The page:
The information in COMBREX is freely available for anyone to search and view. Searching for genes or groups of genes is the common first step to actions such as requesting funding for experimental work (info), submitting predictions of gene function (info), or submitting other kinds of information. All of these actions, while free of charge, require a COMBREX account to which you must be logged in. Register for a COMBREX account here.
Throughout the COMBREX website, hyperlinks marked "(info)" will bring you to relevant information on a specific topic within the Help Center. This guide describes the layout of the various pages within the COMBREX website, and contains the following subsections:INITIATING A SEARCH
You can search the COMBREX database for genes or groups of genes using the search box, which can be found on the COMBREX Home Page, and at the top of the Search Results, Protein Clusters Detail, and Gene Detail pages. A Basic Search is shown by default, but clicking on Advanced Search will bring up additional filters for more targeted searches.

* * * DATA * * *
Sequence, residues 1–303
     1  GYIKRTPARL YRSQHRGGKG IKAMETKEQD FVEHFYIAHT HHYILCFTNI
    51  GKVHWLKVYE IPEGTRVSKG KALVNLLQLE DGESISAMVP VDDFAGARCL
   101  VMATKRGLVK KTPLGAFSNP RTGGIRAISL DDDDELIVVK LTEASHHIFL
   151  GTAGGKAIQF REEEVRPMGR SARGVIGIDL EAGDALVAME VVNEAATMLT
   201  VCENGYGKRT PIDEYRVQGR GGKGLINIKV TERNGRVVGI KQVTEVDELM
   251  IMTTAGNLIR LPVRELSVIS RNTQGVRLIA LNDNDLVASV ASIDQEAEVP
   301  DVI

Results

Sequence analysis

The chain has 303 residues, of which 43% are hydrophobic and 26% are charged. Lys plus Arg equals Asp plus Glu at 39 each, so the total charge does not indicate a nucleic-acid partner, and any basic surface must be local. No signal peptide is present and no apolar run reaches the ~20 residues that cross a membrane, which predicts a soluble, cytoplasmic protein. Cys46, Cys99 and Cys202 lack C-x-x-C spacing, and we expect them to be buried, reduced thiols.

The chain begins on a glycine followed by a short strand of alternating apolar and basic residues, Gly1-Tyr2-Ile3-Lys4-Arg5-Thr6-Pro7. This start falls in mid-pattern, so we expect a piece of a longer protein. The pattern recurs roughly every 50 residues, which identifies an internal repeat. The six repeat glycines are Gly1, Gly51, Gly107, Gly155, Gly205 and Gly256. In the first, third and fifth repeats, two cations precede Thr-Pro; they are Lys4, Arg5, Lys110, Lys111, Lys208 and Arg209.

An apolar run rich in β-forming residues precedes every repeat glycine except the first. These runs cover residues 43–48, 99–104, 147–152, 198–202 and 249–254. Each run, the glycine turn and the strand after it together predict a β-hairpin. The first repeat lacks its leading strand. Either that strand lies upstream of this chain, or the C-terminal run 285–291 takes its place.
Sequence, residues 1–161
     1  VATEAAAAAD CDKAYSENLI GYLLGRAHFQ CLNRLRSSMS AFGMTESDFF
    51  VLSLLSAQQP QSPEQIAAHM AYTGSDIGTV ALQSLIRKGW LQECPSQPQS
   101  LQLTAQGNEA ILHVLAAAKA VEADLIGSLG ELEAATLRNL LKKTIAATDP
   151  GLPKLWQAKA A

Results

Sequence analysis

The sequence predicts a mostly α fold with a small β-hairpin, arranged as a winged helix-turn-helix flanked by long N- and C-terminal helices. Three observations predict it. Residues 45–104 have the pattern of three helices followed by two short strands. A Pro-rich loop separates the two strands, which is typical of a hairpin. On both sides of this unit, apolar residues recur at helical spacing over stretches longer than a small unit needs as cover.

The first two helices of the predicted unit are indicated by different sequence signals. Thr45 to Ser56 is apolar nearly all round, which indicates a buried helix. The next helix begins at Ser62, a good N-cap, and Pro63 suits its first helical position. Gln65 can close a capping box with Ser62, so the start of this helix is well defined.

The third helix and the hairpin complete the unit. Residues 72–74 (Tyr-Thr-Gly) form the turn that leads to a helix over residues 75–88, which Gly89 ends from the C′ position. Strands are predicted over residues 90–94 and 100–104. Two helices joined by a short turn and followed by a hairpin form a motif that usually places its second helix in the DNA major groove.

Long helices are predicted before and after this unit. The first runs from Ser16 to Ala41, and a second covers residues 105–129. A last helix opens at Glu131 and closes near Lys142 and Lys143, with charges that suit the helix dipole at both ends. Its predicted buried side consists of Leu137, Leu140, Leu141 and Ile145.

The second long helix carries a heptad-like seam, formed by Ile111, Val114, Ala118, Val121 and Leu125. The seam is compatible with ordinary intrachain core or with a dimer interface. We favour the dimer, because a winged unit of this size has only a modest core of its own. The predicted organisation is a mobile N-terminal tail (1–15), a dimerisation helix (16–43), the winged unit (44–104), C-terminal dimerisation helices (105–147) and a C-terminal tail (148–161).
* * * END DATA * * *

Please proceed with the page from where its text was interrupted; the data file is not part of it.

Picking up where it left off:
The search function searches on gene names, descriptions, predictions, and identifiers. Thus, you may enter in the search box a gene symbol, a keyword or word fragment, an Enzyme Commission (EC) number, or an identifier such as an Entrez GeneID, an NCBI Protein Clusters ID, a RefSeq accession number, or a UniProtKB accession number (info).
Several example search terms are provided above the search box.
Regardless of whether your search matches a single gene or many genes, all search results are organized into groups of similar genes called Protein Clusters. These groups are determined by NCBI, and the methodology for their determination is described in the following publication: Klimke W et al (2009) Nucleic Acids Research 37, D216-D223 (PMID 18940865). Further information may be found at the NCBI Protein Clusters Home Page.
Organization of search results by Protein Cluster is done for two reasons. First, when many genes are returned by the search, this reduces redundancy by grouping sequence-similar genes. Second, by presenting genes in the context of groups, a user can easily see whether there is an experimentally validated gene that is similar or identical to that returned by the search. The latter is useful even when a search is intended to return only a single gene, as when searching with a specific identifier.